Waterhouse Building,
the home of the
Natural History Museum

The world-famous Waterhouse Building is a London landmark and a work of art. This beautiful building was designed by Alfred Waterhouse, a young architect from Manchester.

When you arrive, pause to take in the huge fašade and high, spired towers. The rounded arches and grand entrance were inspired by basalt columns at Fingal's Cave in western Scotland. This is one of Britain's most striking examples of Romanesque architecture.

When did you last visit the museum? Have you seen the new Darwin Centre?

As part of the launch of the property magazine later this month, PropertySpy shall be contributing to the work against mosquito spread disease carried out by leading scientists at the top research part of the Natural History Museum, click here for details.

The Natural History Museum first opened its doors to the public on Easter Monday in 1881, but its origins go back more than 250 years.

It all started when physician and collector of natural curiosities, Sir Hans Sloane, left his extensive collection to the nation in 1753.

Originally Sloane’s specimens formed part of the British Museum, but as other collections were added, including specimens collected by botanist Joseph Banks on his 1768-1771 voyage with Captain James Cook aboard HMS Endeavour, the natural history elements started to need their own home.

Sir Richard Owen, Superintendent of the British Museum’s natural history collection, persuaded the Government that a new museum was needed. He had an ambitious plan – to display species in related groups and to exhibit typical specimens with prominent qualities.

The chosen site in South Kensington was previously occupied by the 1862 International Exhibition building, once described as ‘the ugliest building in London’. Ironically, it was the architect of that building, Captain Francis Fowke, who won the design competition for the new Natural History Museum.

However, in 1865 Fowke died suddenly and the contract was awarded instead to a rising young architect from Manchester, Alfred Waterhouse.

Waterhouse altered Fowke’s design from Renaissance to German Romanesque, creating the beautiful Waterhouse Building we know today. By 1883 the mineralology and natural history collections were in their new home. But the collections were not finally declared a museum in their own right until 1963.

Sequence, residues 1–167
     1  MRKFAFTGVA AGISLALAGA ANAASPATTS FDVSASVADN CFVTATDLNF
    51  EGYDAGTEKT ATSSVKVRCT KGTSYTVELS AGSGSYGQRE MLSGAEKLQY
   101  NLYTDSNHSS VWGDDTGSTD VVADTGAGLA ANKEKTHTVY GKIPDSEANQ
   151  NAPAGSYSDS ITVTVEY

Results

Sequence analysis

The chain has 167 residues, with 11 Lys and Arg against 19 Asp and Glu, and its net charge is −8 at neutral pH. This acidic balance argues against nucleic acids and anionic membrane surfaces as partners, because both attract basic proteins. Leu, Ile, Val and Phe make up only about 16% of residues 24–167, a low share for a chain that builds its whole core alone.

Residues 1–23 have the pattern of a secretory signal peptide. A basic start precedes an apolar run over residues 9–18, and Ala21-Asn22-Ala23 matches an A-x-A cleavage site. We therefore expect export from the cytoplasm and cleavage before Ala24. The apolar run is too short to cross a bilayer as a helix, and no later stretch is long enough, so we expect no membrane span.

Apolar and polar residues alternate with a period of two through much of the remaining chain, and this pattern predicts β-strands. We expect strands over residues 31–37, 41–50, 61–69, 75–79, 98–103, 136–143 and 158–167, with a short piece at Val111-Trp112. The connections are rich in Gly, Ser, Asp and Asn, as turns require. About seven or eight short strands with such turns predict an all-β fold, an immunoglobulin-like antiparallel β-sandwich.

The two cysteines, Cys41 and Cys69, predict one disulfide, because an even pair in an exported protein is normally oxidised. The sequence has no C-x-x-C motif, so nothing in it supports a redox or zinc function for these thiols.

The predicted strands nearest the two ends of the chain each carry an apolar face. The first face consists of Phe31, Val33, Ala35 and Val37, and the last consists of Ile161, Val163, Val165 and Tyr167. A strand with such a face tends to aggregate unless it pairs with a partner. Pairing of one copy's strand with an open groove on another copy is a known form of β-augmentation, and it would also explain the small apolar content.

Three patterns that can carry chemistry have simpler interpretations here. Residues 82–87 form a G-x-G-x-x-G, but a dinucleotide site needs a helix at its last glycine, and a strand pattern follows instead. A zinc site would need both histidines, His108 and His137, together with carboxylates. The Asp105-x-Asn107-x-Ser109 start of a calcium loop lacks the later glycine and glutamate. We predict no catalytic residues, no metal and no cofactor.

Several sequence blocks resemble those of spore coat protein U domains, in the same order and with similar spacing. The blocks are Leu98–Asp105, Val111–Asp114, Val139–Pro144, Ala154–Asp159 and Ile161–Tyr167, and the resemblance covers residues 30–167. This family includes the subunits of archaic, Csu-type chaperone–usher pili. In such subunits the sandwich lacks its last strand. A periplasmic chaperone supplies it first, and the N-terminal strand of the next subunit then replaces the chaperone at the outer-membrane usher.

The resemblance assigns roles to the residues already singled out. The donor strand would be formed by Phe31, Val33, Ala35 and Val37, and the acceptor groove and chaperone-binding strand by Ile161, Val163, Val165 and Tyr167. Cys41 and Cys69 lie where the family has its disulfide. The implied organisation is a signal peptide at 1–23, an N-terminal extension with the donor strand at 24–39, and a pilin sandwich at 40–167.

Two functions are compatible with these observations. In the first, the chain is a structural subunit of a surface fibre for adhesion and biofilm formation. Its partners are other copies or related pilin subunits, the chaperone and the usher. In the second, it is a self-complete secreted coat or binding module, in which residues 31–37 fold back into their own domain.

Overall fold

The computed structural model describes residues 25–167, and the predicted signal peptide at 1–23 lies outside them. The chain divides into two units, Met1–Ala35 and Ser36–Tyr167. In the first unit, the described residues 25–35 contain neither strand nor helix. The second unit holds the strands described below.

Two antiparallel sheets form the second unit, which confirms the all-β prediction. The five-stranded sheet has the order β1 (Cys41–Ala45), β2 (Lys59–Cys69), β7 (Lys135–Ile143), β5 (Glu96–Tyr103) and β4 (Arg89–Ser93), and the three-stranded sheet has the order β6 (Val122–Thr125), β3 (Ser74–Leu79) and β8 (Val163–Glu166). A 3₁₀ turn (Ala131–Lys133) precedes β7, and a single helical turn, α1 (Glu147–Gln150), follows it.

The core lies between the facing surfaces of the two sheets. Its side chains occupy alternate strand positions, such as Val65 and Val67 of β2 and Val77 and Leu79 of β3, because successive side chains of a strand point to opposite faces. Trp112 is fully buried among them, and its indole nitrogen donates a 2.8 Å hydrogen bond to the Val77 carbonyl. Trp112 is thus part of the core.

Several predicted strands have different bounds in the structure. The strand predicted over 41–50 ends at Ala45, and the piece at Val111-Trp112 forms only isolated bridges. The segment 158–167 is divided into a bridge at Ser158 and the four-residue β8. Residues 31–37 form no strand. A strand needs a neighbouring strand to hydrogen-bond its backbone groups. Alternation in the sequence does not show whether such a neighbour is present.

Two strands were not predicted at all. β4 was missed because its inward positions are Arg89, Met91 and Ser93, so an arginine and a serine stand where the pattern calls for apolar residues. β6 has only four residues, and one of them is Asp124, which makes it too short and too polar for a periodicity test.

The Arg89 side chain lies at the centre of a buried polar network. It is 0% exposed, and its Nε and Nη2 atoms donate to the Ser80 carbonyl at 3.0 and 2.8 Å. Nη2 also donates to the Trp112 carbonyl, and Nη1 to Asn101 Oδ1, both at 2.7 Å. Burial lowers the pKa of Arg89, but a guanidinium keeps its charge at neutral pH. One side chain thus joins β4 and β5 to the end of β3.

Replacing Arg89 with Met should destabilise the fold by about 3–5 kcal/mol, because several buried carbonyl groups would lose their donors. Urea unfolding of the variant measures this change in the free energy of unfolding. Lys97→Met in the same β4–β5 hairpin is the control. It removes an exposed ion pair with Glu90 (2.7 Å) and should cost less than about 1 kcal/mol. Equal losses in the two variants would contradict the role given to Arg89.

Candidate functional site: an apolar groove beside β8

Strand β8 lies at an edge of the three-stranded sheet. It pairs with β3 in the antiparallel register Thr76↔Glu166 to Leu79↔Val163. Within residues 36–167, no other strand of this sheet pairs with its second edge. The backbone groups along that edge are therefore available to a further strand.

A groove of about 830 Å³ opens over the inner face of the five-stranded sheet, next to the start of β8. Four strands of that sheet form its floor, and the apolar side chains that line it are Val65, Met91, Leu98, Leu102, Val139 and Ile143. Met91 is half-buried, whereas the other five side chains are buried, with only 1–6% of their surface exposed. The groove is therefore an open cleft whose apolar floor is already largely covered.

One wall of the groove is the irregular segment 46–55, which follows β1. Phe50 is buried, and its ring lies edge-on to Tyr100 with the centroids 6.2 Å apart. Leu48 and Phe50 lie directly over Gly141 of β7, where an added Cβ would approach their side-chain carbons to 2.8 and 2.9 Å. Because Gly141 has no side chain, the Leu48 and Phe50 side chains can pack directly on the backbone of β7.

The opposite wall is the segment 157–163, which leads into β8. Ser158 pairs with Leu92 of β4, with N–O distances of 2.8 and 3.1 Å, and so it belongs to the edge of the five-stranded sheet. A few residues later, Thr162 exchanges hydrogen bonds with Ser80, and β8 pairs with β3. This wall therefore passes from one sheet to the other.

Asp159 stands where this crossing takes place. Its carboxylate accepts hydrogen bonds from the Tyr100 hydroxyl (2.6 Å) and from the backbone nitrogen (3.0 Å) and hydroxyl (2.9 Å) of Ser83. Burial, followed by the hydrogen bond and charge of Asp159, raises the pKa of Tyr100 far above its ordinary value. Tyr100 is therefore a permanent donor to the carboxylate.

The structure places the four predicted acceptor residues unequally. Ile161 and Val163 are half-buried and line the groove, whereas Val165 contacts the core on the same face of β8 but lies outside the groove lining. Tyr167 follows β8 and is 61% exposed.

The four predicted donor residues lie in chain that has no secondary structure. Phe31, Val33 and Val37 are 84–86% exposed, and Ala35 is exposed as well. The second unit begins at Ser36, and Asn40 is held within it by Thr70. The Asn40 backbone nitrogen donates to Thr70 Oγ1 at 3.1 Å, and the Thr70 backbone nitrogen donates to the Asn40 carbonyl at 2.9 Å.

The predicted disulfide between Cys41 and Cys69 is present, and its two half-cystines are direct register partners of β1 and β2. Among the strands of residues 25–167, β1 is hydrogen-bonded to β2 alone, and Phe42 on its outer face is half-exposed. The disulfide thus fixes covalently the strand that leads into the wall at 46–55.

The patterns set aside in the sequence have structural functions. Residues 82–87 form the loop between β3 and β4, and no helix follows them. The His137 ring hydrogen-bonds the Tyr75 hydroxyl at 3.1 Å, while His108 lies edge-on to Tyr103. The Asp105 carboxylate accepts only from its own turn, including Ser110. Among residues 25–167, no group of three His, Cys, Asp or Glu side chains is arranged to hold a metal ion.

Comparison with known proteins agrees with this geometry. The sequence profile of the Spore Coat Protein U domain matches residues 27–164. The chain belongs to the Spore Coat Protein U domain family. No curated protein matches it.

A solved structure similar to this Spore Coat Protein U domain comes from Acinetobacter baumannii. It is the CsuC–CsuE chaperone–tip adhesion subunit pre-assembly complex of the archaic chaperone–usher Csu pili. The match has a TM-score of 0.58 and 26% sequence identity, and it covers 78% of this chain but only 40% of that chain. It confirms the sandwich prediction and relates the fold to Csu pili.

Research projects

More than 300 scientists work at the Museum to tackle a diverse range of global problems, such as threats to the Earth's biodiversity, the maintenance of delicate ecosystems, environmental pollution and disease.

At the heart of the research is the naming and classification of organisms and natural objects and the study of their inter-relationships. The collections of plant, animal, fossil, rock and mineral specimens are vital to this research and are growing constantly.

The Darwin Centre

The building, which provides world-class storage for precious collections, new laboratories and behind-the-scenes access for visitors, is at the forefront of environmental architecture. It has an energy-saving glass solar wall, which reduces heat in the summer and heat loss in the winter, and a ‘caterpillar’ roof made of recyclable materials, which lets in lots of natural light.

It also links with the museum’s past by incorporating terracotta into its design, reflecting the architecture of the Waterhouse Building. Its steel frame echoing the blue terracotta of the Victorian building.

Jonathan Dimbleby asked Sir David Attenborough about his vision for the David Attenborough Studio, which will be part of Phase Two of the Darwin Centre opening in 2009. Sir David said, 'the Natural History Museum is one of the greatest scientific institutions in the world. The Museum's collections and scientists, teamed with the wonderful archive of footage of the Natural History Unit of the BBC, will engage visitors in the natural world in a way the two institutions could never achieve on their own.'

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